8. For Office Outlook 2003 or Office Outlook 2007, enable Outlook logging on the calendar owner’s computer and all delegate computers, and then restart Outlook. The client-side calendar logging data can indicate if meeting changes are being done by a delegate or third-party software. It also helps put the other logging data into the appropriate context. For information about enabling calendar logging, see Microsoft Knowledge base article 841615: Description of the Calendar logging feature in Outlook (http://go.microsoft.com/fwlink/?LinkId=125854).

    If you are using either Outlook 2000 or Outlook 2002, it is recommended that you upgrade the affected user’s computer to at least Outlook 2003 to enable client-side logging for Outlook.

  9. For scenarios involving Entourage, gather the following information:

    a. Version and build number of Entourage (on the Entourage menu, click About Entourage).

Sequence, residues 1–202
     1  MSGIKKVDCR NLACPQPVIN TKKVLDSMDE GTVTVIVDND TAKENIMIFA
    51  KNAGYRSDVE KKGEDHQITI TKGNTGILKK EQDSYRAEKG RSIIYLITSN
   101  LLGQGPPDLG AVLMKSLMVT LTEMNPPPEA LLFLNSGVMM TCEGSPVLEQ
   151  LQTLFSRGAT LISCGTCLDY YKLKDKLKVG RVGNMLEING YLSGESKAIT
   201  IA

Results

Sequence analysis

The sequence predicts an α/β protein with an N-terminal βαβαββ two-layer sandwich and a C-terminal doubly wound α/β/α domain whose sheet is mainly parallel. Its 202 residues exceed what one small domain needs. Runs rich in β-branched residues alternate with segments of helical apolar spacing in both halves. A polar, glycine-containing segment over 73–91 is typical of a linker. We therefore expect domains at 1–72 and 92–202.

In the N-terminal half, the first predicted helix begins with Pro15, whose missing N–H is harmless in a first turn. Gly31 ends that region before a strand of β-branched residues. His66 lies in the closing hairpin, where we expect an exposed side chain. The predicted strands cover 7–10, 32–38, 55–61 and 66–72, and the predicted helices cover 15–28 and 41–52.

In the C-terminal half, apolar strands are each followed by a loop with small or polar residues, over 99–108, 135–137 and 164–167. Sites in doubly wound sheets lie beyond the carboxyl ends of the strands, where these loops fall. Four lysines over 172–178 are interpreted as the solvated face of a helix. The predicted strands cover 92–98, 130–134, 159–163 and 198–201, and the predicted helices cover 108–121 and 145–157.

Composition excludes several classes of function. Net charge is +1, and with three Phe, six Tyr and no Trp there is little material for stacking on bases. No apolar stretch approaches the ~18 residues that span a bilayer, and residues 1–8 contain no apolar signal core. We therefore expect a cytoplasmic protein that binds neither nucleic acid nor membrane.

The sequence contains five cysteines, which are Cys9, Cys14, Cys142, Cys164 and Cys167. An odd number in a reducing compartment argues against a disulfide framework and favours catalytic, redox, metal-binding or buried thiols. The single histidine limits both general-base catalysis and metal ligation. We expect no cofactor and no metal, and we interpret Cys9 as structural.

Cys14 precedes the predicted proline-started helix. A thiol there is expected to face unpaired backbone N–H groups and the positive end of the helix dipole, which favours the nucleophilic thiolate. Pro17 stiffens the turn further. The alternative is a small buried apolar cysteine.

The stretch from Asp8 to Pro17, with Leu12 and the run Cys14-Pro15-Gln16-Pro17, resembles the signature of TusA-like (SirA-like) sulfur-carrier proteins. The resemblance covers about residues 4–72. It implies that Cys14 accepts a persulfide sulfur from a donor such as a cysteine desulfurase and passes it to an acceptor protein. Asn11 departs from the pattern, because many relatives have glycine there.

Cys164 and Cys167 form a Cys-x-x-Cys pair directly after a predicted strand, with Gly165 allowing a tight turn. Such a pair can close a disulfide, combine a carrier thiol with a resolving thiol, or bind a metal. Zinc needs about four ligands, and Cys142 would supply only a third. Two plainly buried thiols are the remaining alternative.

b. Screen shots of all five tabs by using Tools – Accounts – Mail – Exchange Account Settings in Entourage.

    With this information, we will determine whether you are connecting to an Exchange front-end or back-end server and whether it is possible to take a client-side trace (if needed) to help troubleshoot the issue.

  10. Instruct the affected user and delegates to not delete any meetings, invitations, or calendar-related items from their Inbox, Deleted Items, Sent Items, Calendar, Sync Issues and Conflicts folders.

    The analysis of calendar logging data usually indicates who acted on an item and when. Therefore, it is important to corroborate the logging information with the actual items related to the meeting.